… is from page 12 of J.R. Clark’s and Dwight Lee’s 2013 essay “The Impact of The Calculus of Consent,” which is chapter 1 of the hot-off-the-press Public Choice, Past and Present: The Legacy of James M. Buchanan and Gordon Tullock  (Dwight R. Lee, editor, 2013) (original emphasis; link added):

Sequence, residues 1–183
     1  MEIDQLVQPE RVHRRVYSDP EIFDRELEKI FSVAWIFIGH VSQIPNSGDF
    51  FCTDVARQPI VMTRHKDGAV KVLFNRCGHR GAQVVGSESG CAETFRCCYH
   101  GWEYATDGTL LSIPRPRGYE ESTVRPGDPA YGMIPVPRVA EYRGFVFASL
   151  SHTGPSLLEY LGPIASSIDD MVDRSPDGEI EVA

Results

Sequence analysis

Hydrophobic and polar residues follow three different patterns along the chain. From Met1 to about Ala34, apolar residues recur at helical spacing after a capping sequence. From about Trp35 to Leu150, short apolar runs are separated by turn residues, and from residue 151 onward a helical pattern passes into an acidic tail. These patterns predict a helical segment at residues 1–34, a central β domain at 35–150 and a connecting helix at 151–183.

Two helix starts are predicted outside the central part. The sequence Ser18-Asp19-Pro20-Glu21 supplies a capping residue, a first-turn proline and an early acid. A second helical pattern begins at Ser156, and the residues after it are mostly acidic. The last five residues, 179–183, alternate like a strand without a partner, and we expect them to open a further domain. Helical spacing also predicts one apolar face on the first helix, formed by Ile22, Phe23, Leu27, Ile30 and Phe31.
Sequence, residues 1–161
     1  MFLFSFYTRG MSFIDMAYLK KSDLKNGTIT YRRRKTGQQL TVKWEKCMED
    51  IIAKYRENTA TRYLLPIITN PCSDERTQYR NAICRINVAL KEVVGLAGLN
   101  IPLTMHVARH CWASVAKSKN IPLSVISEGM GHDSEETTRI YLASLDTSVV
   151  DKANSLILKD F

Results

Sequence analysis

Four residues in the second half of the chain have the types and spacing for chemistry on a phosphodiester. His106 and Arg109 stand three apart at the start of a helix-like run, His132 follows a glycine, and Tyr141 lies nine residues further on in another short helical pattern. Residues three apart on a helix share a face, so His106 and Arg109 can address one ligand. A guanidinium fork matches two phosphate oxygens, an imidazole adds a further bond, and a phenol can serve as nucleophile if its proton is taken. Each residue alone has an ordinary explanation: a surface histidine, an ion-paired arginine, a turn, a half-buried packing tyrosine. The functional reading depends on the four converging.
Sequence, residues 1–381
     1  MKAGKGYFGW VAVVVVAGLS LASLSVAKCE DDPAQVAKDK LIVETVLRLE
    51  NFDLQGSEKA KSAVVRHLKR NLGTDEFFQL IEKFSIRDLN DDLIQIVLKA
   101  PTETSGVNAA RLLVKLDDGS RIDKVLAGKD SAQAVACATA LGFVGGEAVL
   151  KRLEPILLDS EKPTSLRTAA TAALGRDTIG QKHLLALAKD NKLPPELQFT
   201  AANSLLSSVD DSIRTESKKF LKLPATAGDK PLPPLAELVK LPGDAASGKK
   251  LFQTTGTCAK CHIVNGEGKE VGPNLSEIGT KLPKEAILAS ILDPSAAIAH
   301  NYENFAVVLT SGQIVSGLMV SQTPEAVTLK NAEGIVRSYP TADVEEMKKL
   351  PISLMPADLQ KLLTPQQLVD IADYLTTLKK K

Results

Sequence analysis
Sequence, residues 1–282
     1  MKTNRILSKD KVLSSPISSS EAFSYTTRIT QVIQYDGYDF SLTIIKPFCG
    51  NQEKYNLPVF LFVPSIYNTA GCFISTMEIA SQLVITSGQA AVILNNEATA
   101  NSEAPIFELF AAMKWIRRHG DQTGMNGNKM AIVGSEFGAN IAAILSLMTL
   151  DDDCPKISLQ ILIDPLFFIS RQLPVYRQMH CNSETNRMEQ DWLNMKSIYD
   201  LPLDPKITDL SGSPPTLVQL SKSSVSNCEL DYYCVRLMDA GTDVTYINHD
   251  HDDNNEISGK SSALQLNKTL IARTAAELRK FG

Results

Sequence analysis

Much of the resistance to public choice  is a function of the fact that it strips away the romantic notions about the political process that makes it so appealing to many. Consider the moral satisfaction that many realize from voting for noble-sounding government programs or for politicians who support them, despite (or because of) their high cost. That moral satisfaction depends on voters’ belief that their votes represent their willingness to sacrifice personally to promote virtuous objectives. But the messages people receive from public choice are that (1) their votes do not represent a meaningful sacrifice since their individual votes have no noticeable influence on whether or not the programs they vote for are enacted, (2) those with the most influence on the details and implementation of the noble-sounding programs that are enacted will use their influence to promote their own interests by undermining the achievement of the noble objectives intended, and (3) many of the programs they vote for will end up harming the very people who were intended to be helped no matter how the programs are designed and implemented. If a person accepts these conclusions, there is not much left in the act of voting, or the political process in general, to feel particularly virtuous about.